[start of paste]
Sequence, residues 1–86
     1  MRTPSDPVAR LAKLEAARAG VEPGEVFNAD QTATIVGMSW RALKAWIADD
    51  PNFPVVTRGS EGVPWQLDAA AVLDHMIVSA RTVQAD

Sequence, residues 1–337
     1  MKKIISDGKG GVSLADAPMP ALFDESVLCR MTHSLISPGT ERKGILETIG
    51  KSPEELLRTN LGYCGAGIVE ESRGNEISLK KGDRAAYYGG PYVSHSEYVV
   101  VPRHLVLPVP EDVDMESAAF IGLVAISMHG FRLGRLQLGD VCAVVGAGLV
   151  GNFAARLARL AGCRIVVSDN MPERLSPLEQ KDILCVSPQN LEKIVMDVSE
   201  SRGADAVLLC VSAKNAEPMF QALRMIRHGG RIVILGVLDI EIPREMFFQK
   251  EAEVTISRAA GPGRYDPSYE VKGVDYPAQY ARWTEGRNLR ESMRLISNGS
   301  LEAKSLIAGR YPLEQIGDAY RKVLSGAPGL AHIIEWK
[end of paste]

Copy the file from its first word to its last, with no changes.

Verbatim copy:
Sequence, residues 1–86
     1  MRTPSDPVAR LAKLEAARAG VEPGEVFNAD QTATIVGMSW RALKAWIADD
    51  PNFPVVTRGS EGVPWQLDAA AVLDHMIVSA RTVQAD

Sequence, residues 1–337
     1  MKKIISDGKG GVSLADAPMP ALFDESVLCR MTHSLISPGT ERKGILETIG
    51  KSPEELLRTN LGYCGAGIVE ESRGNEISLK KGDRAAYYGG PYVSHSEYVV
   101  VPRHLVLPVP EDVDMESAAF IGLVAISMHG FRLGRLQLGD VCAVVGAGLV
   151  GNFAARLARL AGCRIVVSDN MPERLSPLEQ KDILCVSPQN LEKIVMDVSE
   201  SRGADAVLLC VSAKNAEPMF QALRMIRHGG RIVILGVLDI EIPREMFFQK
   251  EAEVTISRAA GPGRYDPSYE VKGVDYPAQY ARWTEGRNLR ESMRLISNGS
   301  LEAKSLIAGR YPLEQIGDAY RKVLSGAPGL AHIIEWK